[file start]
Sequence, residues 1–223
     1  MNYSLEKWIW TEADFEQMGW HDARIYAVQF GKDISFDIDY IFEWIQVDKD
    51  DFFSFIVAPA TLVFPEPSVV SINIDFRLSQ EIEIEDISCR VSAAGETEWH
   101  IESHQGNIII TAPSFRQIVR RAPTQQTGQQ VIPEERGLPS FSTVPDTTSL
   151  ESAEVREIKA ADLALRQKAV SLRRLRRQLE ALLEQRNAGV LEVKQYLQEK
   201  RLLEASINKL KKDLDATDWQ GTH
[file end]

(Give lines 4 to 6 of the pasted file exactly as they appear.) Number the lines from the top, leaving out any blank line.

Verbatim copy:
   101  IESHQGNIII TAPSFRQIVR RAPTQQTGQQ VIPEERGLPS FSTVPDTTSL
   151  ESAEVREIKA ADLALRQKAV SLRRLRRQLE ALLEQRNAGV LEVKQYLQEK
   201  RLLEASINKL KKDLDATDWQ GTH